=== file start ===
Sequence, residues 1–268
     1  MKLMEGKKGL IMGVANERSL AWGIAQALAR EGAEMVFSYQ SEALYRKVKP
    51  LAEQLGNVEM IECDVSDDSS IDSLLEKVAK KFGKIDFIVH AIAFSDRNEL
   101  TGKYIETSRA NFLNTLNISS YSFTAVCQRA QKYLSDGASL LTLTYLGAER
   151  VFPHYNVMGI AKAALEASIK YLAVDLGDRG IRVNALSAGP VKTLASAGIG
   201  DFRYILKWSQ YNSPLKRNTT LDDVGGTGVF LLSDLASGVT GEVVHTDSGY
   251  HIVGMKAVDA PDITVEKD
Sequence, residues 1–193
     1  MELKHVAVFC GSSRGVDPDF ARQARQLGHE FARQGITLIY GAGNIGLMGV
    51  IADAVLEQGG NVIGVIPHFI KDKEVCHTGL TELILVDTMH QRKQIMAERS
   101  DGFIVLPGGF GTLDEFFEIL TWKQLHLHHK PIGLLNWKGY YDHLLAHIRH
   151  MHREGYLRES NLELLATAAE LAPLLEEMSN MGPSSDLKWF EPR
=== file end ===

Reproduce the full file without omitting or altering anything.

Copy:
Sequence, residues 1–268
     1  MKLMEGKKGL IMGVANERSL AWGIAQALAR EGAEMVFSYQ SEALYRKVKP
    51  LAEQLGNVEM IECDVSDDSS IDSLLEKVAK KFGKIDFIVH AIAFSDRNEL
   101  TGKYIETSRA NFLNTLNISS YSFTAVCQRA QKYLSDGASL LTLTYLGAER
   151  VFPHYNVMGI AKAALEASIK YLAVDLGDRG IRVNALSAGP VKTLASAGIG
   201  DFRYILKWSQ YNSPLKRNTT LDDVGGTGVF LLSDLASGVT GEVVHTDSGY
   251  HIVGMKAVDA PDITVEKD
Sequence, residues 1–193
     1  MELKHVAVFC GSSRGVDPDF ARQARQLGHE FARQGITLIY GAGNIGLMGV
    51  IADAVLEQGG NVIGVIPHFI KDKEVCHTGL TELILVDTMH QRKQIMAERS
   101  DGFIVLPGGF GTLDEFFEIL TWKQLHLHHK PIGLLNWKGY YDHLLAHIRH
   151  MHREGYLRES NLELLATAAE LAPLLEEMSN MGPSSDLKWF EPR